I do my own stunts. That goes for both my driving and the way I keep my bike in a ridable shape. Recently though, I was almost forced to have a professional dismantle a large part of my bike. The reason? Bad clutch design.

Too tight

Shortly after my last service, I noticed that whatever I did, my clutch cable was too tight. On the handlebar, I was not able to loosen it.  Since I have already had the pleasure of having to replace an entire clutch, I knew that I would have to stop riding and find a solution.

Roughly speaking, there were two options: either my clutch cable had to be adjusted on the clutch side, or the cable had to be replaced. I checked my cable for unwanted friction. It appeared OK, so option 1 it was.

Weekend mechanic

At this point, please allow me to state that I am a weekend mechanic. For me, it is a hobby, and since it is neither my vocation nor my biggest talent, I have a decent set of tools. However, the most specialized tool I have, is a torque wrench. There is probable a proper tool for this job. I do not have it though.

That being said, I have a good head on my shoulders, and I was to be as careful as possible. After removing the fairing, I noticed that the clutch cable was too tight indeed. For the uninitiated and non-technical folks out there, please allow me to explain the system.

The adjustment bolt is held fast by a locknut. So, the intrepid mechanic (that would be me), is to loosen the locknut, adjust the cable until the clutch meets the factory specification, and retighten the locknut again. Simple, no?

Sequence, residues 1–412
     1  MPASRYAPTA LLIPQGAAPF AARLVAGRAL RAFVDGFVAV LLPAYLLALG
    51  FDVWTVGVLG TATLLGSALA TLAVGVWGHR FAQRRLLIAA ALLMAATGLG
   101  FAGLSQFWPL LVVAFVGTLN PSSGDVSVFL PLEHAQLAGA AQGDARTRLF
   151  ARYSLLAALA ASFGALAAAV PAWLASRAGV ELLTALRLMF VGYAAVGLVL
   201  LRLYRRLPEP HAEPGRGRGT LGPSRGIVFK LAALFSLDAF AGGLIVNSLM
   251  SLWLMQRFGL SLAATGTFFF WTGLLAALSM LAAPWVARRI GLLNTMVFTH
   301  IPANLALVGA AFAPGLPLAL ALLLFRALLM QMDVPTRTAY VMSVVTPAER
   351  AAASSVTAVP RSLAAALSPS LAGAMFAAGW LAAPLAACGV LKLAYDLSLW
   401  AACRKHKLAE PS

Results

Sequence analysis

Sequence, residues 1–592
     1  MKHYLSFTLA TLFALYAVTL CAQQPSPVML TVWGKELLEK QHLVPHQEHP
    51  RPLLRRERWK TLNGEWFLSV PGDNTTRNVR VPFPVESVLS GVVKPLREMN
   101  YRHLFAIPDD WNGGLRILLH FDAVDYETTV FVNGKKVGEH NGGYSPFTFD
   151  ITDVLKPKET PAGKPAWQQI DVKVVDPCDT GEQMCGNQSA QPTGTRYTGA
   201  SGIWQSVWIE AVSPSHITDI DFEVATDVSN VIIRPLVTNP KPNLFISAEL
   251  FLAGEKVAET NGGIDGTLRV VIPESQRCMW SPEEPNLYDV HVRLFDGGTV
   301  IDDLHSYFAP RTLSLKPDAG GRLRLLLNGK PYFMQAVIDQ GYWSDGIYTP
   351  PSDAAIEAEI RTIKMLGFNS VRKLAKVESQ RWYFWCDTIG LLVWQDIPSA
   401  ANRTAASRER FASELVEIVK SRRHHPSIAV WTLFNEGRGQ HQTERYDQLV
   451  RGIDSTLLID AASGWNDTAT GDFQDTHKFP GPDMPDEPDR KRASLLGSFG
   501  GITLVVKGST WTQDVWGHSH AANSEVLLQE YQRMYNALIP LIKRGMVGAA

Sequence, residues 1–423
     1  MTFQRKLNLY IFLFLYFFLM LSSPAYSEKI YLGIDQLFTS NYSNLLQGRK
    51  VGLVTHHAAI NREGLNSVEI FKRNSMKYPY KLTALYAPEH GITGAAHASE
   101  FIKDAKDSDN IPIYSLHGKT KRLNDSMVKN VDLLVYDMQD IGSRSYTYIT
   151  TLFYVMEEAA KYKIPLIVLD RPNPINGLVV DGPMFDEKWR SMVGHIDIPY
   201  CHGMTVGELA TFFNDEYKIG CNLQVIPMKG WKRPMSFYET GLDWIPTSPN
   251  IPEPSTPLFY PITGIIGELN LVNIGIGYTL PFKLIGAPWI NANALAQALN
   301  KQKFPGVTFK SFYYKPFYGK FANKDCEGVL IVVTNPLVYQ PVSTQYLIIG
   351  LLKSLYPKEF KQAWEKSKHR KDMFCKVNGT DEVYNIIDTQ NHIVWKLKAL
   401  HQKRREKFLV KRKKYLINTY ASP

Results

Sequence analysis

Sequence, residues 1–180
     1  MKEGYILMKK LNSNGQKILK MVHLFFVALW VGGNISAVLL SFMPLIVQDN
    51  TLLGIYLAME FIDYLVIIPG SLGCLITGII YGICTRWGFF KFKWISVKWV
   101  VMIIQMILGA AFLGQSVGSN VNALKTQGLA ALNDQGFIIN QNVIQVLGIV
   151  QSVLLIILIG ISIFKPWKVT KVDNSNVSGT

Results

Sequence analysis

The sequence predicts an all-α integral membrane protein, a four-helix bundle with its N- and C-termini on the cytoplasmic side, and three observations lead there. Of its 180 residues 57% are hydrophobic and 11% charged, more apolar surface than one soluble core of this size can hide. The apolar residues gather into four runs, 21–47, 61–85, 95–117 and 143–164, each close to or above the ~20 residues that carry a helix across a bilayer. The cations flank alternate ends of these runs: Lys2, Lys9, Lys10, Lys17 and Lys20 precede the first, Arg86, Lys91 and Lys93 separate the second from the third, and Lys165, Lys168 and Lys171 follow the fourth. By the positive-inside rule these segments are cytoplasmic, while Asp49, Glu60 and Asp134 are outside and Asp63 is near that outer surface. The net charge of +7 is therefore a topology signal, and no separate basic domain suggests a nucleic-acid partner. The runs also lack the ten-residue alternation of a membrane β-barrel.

Hardly so. The locknut is in a tight space between the gearbox and the final drive. While holding the adjustment bolt with a #11, you fasten the locknut with a #13 spanner. However, that won't work, because there simply is no space. A normal-sized spanner is too long and unwieldy. Furthermore, since you need to sit on the left side of the bike, you have to do everything with your off hand if you are rigth-handed like 90% of all people.

Apparently, the clutch mechanism is built with left-handed snakemen in mind.

How to (almost) lose both a tool and a gearbox

Although I am not a particularly talented mechanic, my powers of improvisation are huge. I am a programmer after all. I found an old spanner that was a lot shorter and thinner.  My grandfather would have called it pisbakkenstaal or urinal steel. However, I was able to get a grip on an otherwise unreachable bolt. 

Picture me lying on a cold garage floor while bending my arms and wrists in an unnatural way to tighten a nut that is not physically reachable with standard issue tools. A slight fumble was needed before my spanner disappeared in the big cavernous hole behind the clutch cable, into the deep innards of my bike.

At that moment, I felt my heart sink. I was well and truly forked. Sideways. With a chainsaw.

Kludging to the rescue

First, I tried to pry the little spanner free with my fingers. Needless to say, the spanner had fallen too far into the guts of my bike. Useless. Fortunately, I found a nice gadget somewhere in my garage. It is a flexible piece of wire with a strong magnet and a little three pronged retractable claw thingy on one end. I decided to use that, and since the wire thingy is very slim with its 4mm diameter, I was able to at least touch the spanner. The magnet was not able to reach it. Furthermore, the spanner fell even deeper.

That would have been a disaster, were it not that it had fallen into a space that was reachable from underneath. I took my trusty thingumabob and used the claw to retrieve that pesky spanner. Problem solved. Kludging to the rescue. Angus MacGyver would have been proud!

Dear BMW designers

Next time you design something that should be easy to adjust, please keep two things in mind:

  1. Keep it reachable.
  2. Make sure that it is not near any big hollow hard to reach spaces


a weekend mechanic